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Listen to the whole conversation with Sean on the Grow With It podcast:
Identifying, surfacing, and operationalizing data is a challenge for any early-stage startup. Many companies launch their product but don’t have the infrastructure to build hypotheses or measure outcomes. But data is crucial for building a successful sales engine. The big question is: what data is worth tracking, when is this data required, and how do you get it
Identifying and structuring the right data to educate a sales team, product team, and growth team is something Sean Whitney, Principal at Craft Ventures, knows all about. Before Craft Venture, Sean managed the corporate operating model and ARR reporting at Figma. In the early days, Figma was a self-serve business, and there wasn’t a sales team. “It was very start-up,” Sean recalls. “There was no piece of our go-to-market [strategy] that I didn’t touch, in some way, shape, or form.”
Sean knew when he started at Figma that he had a challenge ahead. His mission was clear; “Let’s be as accurate as we can with a prediction model, predicting each step of the funnel - starting at the traffic to the website to signups,” he shares.
“There’s a little more nuance with Figma as they monetize teams, not really individual users, [but we were] seeing how those teams convert to paid [users] over time, if they retain and how they grow, and then if they churn. Each step was a tab in an Excel model that we would just dump a bunch of data in from just writing SQL queries, and then iterate constantly to be as accurate as we could and understand where the main drivers were.”
Fortunately, Figma wasn’t short of data to play with. “We were lucky to have millions of rows of data because we had so many users in Figma, even in the early days, and it took a lot of dissecting [to uncover] how certain changes (e.g. new features, moving paywalls, etc.) might influence different parts of the funnel.”
Sean says there was a close collaboration between the growth team and the strategic finance and business operations team to uncover opportunities in the funnel and implement data-driven experiments to improve conversion.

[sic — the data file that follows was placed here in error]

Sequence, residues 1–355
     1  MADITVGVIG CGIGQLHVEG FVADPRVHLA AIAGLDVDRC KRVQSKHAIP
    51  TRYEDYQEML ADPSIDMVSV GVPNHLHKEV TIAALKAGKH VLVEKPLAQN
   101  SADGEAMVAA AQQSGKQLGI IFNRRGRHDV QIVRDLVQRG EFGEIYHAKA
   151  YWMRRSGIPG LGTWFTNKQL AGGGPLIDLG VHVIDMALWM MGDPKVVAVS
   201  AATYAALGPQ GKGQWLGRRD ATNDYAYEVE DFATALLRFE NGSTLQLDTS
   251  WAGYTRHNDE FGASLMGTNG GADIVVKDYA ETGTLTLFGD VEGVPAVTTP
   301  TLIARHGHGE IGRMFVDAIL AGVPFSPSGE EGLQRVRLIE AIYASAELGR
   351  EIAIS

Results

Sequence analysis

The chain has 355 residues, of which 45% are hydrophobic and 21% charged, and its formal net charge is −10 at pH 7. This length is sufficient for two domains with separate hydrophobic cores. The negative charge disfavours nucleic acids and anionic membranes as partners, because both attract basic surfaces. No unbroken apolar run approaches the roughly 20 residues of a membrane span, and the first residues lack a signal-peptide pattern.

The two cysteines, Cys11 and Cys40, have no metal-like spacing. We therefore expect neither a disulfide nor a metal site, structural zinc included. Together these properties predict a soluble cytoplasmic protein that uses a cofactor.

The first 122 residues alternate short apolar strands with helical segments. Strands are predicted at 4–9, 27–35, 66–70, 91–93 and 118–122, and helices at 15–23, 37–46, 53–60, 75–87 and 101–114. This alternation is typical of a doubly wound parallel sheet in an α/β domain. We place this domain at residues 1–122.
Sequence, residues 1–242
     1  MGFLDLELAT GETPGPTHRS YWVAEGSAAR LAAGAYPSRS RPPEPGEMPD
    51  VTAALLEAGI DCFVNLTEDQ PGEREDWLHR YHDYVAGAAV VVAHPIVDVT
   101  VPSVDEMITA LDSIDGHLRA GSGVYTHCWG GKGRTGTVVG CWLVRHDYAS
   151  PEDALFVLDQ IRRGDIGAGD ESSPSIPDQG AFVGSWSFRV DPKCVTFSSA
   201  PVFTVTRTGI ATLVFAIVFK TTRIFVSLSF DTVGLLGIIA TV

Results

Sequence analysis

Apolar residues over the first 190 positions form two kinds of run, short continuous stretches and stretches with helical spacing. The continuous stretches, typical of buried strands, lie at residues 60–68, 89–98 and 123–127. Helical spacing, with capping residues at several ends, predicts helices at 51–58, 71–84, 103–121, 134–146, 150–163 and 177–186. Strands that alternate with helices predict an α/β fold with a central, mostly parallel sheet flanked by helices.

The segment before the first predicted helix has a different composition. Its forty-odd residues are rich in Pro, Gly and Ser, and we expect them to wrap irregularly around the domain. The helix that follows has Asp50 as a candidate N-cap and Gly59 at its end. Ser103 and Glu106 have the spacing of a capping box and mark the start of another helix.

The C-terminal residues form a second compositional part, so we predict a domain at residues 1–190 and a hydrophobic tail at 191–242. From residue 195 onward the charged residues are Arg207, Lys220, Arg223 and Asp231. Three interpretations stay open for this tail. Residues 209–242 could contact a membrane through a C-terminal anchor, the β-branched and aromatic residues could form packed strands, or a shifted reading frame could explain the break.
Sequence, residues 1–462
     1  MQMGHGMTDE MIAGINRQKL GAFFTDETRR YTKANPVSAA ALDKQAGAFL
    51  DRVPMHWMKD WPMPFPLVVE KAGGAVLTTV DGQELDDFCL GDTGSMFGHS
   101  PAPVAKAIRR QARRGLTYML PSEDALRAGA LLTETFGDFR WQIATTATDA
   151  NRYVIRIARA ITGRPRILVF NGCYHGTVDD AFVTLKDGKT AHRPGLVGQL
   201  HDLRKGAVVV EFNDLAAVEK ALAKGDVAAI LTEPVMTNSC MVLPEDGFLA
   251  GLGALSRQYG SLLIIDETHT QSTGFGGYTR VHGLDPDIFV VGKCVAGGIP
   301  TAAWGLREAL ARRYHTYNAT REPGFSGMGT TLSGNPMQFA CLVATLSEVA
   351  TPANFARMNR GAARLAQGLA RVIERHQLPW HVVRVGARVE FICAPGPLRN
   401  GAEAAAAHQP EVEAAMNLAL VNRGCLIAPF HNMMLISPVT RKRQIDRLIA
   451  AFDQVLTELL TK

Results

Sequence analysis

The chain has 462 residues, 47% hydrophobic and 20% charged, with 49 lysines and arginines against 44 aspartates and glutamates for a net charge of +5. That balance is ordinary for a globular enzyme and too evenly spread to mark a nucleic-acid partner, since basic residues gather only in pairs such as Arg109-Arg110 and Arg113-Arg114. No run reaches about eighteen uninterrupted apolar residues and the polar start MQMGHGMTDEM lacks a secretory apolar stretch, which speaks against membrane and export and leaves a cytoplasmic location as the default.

“Data analysts were designing how the data was structured…they had SQL wisdom and were so good at understanding what was working and what wasn’t in the funnel, and then we would use that data to educate the growth team about different projects,” says Sean. “[Data-driven] experiments included the re-engineering of the free tier, which took a year to do, and led to a substantial conversion increase in the business.”
When it comes to data, centralizing your data is key for informing business strategy. Sean shares his three guiding principles.
“Put yourself in a position to be able to tell a strong data story,” says Sean. “Without knowing what’s going on in your tool, you’re screwed. Build a dashboard that shows you signups, where the drop-off is happening, where usage is happening, what features are used, etc.”
“Find a way to summarize your data and have that as a single source of truth,” says Sean. “Don’t have it in its raw form. Institute tracking, pull out what you think matters, augment it with firmographic data, and build out a central table of users and customers and companies – whatever your unit is – and make sure that it is updated constantly.
"That’s your source of truth for everything you’d ever want to know about your customers or your user, and then utilize that for experiments, for optimizations and improvements, and the entire go-to-market flow.”
“Get down to the nitty-gritty details on what your ARR is, so you can show how each customer has grown over time,” says Sean. “Otherwise, how will you know what to work on in the product?”
The use of Salesforce, access to data, and having that data at their fingertips was critical to the operation of the business. Having the right data structure enabled quick sales cycles which helped to accelerate the growth of the business. “Efficiency is the best word for it.”
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